Singtel, one of Singapore’s largest telecommunications companies, is now progressing with its initiative to launch a digital bank with the help of the Grab, a multinational ride-hailing service provider.
Sachin Mittal, analyst at Singapore’s DBS Bank, said that the joint initiative seems like “a strong candidate for a full digital banking license.”
Singapore’s reserve bank and financial regulator, the Monetary Authority of Singapore (MAS) is reportedly planning to award two full-service banking licenses to consumer digital banking platforms.
Singtel might have to set aside more than S$600 million (appr. $400 million) for the digital bank project in the long-term. At present, Grab has a majority or 60% stake in the joint project.
The digital bank initiative has appointed Charles Wong to serve as the bank’s managing director. Wong reportedly has around 20 years of experience in the banking sector. He previously worked at Citi as its head of retail banking in Singapore.
If the companies manage to acquire a full banking license, then the new digital bank could potentially capture up to 4% of Singapore’s market share (of the banking sector) within the next couple of years.
The Singtel-Grab joint project could bring two major businesses closer together to offer a wide range of services. Both Singapore-based companies can leverage their large regional customer base to further expand their operations.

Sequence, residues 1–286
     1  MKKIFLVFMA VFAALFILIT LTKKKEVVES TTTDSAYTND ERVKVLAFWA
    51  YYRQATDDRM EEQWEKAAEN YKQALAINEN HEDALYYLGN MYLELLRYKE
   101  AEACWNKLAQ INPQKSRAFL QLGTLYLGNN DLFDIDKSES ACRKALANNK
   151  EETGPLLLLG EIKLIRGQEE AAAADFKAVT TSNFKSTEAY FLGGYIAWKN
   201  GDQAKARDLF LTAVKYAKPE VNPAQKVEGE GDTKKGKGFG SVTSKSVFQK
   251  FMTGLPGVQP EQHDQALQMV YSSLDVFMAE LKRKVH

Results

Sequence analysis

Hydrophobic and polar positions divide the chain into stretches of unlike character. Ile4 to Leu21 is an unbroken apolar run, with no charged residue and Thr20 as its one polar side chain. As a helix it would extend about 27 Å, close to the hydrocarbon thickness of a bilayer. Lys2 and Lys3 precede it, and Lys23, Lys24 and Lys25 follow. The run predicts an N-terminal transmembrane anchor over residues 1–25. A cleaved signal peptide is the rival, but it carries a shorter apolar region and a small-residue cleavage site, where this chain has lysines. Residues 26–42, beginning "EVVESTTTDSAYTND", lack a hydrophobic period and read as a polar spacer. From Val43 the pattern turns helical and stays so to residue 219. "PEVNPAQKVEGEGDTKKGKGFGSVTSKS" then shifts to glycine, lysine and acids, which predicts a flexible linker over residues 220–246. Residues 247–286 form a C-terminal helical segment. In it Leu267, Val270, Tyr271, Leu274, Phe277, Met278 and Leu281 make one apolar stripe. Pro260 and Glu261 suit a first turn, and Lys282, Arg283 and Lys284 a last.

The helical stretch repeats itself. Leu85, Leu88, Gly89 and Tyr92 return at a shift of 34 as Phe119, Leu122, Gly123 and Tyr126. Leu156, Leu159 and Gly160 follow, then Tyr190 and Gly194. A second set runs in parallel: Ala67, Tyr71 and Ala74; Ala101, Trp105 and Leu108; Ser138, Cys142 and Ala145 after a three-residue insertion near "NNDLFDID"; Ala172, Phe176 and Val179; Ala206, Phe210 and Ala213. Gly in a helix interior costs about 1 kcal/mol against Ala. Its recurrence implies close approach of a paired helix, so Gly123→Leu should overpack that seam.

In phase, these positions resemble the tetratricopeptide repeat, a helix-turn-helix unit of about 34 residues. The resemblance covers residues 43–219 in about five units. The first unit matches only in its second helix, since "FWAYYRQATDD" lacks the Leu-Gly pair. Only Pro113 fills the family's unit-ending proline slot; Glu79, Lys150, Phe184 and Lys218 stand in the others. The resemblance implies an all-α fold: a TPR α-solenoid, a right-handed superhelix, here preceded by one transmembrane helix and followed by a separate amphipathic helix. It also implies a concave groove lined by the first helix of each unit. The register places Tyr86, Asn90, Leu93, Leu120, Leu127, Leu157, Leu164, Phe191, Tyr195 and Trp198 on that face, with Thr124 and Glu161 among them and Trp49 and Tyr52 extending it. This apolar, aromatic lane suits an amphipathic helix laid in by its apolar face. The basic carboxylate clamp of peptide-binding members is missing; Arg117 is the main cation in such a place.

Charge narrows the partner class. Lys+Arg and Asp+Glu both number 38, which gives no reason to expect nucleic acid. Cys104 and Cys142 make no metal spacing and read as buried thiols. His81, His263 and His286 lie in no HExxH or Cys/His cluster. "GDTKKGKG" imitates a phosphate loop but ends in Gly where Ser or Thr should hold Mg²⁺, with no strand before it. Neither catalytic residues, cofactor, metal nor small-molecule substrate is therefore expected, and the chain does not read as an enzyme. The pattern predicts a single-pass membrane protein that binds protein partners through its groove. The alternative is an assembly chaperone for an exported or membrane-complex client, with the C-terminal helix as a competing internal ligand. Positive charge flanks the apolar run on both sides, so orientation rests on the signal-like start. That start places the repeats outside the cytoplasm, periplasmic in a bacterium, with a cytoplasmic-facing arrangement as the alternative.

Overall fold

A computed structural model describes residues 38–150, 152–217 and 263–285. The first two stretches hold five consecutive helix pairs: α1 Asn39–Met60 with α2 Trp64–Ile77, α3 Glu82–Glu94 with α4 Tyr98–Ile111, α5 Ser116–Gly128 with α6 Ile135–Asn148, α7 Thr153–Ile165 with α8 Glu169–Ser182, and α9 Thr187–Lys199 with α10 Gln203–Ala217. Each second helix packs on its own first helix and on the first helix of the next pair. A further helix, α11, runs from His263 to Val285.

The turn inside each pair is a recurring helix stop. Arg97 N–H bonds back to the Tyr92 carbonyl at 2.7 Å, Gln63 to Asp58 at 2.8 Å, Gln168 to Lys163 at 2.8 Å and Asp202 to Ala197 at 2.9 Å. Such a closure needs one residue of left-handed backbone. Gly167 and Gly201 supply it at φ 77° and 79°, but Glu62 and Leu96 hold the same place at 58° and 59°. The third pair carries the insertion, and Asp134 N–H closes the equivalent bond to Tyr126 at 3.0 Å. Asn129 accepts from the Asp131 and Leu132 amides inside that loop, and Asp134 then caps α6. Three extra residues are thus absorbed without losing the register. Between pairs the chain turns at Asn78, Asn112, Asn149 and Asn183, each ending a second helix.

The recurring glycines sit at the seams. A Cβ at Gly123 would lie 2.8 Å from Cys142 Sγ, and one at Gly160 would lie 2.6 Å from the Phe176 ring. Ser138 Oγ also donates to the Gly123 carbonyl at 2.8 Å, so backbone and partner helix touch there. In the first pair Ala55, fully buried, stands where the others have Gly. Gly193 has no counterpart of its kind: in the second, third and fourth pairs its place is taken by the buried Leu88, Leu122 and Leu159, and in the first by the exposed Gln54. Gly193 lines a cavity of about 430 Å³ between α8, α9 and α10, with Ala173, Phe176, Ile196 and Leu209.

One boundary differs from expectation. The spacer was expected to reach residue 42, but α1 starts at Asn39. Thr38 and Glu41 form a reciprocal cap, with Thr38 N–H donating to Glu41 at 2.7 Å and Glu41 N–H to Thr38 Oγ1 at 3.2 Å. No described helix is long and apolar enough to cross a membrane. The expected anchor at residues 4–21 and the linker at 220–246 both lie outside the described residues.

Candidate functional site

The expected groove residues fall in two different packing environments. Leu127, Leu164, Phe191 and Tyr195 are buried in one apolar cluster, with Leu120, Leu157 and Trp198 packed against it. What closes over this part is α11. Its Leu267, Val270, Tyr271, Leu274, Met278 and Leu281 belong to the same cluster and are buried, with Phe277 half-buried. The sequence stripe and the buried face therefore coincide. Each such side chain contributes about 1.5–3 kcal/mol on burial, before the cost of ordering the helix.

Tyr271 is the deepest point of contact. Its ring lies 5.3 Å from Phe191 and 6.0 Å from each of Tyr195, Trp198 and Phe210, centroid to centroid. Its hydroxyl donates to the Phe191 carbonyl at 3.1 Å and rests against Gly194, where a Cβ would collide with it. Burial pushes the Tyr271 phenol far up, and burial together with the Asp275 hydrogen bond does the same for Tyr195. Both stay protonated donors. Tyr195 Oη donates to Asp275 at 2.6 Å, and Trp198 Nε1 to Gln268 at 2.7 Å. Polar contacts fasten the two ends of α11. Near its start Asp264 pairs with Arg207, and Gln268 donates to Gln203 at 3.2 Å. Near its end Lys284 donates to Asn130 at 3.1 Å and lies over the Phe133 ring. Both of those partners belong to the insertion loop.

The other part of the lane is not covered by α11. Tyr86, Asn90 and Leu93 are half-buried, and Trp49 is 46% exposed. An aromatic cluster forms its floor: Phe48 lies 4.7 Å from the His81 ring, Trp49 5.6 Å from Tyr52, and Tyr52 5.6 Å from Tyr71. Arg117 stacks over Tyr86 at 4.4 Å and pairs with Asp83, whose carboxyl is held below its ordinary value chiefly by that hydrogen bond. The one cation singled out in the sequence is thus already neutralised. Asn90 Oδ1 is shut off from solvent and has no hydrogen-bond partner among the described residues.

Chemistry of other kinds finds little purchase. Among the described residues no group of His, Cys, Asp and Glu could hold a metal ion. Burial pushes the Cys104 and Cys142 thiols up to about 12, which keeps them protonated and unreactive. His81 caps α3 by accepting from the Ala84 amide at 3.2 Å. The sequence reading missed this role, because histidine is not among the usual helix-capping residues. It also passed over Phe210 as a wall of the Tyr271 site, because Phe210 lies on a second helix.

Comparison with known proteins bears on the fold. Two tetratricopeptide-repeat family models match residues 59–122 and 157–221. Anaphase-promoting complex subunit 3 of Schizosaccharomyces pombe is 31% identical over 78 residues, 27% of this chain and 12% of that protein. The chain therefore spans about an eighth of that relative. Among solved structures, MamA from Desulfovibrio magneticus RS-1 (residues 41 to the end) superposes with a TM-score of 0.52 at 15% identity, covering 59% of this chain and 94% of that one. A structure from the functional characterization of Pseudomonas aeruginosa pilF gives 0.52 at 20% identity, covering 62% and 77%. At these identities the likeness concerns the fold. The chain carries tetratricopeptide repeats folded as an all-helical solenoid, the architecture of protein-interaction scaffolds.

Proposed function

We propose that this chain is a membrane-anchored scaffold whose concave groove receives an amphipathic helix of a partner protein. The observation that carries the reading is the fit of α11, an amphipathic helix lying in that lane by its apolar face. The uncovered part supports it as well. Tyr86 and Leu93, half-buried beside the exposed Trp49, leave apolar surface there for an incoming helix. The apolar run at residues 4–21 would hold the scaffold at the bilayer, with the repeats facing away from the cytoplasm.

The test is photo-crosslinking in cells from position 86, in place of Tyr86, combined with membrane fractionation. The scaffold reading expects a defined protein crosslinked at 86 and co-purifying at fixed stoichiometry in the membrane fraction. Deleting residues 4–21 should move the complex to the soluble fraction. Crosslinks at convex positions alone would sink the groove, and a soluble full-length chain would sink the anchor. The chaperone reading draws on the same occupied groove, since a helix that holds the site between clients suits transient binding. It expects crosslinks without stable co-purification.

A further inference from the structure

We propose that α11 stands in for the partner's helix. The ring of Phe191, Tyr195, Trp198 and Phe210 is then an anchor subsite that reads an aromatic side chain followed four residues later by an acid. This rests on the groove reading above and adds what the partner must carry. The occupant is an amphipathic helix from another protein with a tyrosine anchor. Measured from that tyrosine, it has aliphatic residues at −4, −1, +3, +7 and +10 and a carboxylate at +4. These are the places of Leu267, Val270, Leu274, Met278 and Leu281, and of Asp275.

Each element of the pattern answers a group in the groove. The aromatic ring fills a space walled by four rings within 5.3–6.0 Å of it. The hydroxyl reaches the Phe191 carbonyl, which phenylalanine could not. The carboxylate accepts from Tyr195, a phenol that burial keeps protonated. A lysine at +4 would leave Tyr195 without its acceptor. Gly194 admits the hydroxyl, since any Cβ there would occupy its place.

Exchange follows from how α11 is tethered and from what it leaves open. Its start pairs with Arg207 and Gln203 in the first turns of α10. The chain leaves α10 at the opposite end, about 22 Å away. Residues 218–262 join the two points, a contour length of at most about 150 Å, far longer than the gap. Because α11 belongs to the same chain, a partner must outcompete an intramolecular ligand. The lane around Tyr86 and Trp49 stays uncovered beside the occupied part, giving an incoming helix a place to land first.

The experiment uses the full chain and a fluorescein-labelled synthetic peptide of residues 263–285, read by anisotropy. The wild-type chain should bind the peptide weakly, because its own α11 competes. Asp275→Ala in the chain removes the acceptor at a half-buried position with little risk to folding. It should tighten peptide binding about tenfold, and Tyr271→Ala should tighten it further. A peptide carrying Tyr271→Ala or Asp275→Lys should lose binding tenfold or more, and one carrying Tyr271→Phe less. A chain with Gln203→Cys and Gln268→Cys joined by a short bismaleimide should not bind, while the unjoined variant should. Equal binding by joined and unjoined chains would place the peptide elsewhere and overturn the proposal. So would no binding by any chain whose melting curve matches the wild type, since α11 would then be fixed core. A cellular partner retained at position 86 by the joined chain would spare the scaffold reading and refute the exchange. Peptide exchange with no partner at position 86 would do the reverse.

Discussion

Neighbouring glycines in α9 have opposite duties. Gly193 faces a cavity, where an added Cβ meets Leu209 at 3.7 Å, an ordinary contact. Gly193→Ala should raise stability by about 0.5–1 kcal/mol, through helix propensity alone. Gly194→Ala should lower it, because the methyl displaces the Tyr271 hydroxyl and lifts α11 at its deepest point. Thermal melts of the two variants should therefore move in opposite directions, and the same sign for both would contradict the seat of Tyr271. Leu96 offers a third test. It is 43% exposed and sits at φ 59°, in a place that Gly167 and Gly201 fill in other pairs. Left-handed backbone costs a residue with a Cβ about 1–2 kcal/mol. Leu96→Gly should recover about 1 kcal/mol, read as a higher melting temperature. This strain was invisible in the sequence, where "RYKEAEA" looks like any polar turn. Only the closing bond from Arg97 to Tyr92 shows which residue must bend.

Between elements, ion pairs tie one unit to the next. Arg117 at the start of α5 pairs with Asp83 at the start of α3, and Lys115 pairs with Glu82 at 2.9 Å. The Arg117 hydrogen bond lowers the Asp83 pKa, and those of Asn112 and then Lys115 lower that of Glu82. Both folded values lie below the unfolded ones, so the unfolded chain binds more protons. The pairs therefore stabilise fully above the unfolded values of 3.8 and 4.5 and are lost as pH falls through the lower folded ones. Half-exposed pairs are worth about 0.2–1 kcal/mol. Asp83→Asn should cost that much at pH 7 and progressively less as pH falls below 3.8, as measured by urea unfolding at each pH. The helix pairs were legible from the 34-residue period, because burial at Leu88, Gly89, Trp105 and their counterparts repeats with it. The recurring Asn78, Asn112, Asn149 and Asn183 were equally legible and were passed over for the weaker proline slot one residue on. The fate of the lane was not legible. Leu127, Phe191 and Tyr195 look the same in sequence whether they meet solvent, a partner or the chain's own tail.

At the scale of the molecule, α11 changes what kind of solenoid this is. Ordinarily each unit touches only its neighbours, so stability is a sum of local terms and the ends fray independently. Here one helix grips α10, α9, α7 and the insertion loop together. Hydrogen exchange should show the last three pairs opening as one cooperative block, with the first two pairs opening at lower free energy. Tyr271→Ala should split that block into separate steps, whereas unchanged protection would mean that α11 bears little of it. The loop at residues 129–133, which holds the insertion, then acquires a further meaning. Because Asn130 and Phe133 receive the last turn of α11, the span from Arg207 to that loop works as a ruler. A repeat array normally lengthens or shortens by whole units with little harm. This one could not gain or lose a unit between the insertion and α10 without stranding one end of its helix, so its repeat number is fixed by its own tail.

Singtel (short for Singapore Telecommunications) claims more than 4.3 million mobile phone subscribers. Meanwhile, Grab reportedly has 187+ million users.
Temasek Holdings, a state-owned investment firm, is a majority owner of Singtel. Grab is backed by investments from SoftBank.
Although both companies have reported strong financial results in the past few years, their revenues fell considerably following the COVID-19 outbreak. Singtel’s management reported in June 2020 that Singapore’s nationwide lockdown measures led to a considerable decline in its mobile service revenues.
As confirmed by Light Reading, Singtel’s operating revenue at its Singapore consumer branch reportedly dropped by over 20% year-over-year to around S$406 million (appr. $298.5 million) for the 3 months ending June 30, 2020.
Meanwhile, Grab was forced to lay off 360 workers in June of this year (due to movement restrictions following lockdowns that affected its business).
As reported in December 2019, Grab had said that it would work with Singtel to acquire a digital full bank license in Singapore.
Although ride-hailing is Grab’s primary business and one of its major sources of revenue, the firm also introduced its GrabPay electronic wallet in 2016. The startup offers several different financial services in the Southeast Asia region, which include insurance packages for its drivers. The company has also established its presence in Asia’s competitive food delivery industry.
Reuben Lai, senior managing director at Grab Financial Group, had stated (last year):
“In the past two years, we have launched and scaled financial services such as e-money, lending and insurance distribution into Southeast Asia’s largest fintech ecosystem.”
Lai had also mentioned that the “natural next step” for the company is to launch a digital-only bank.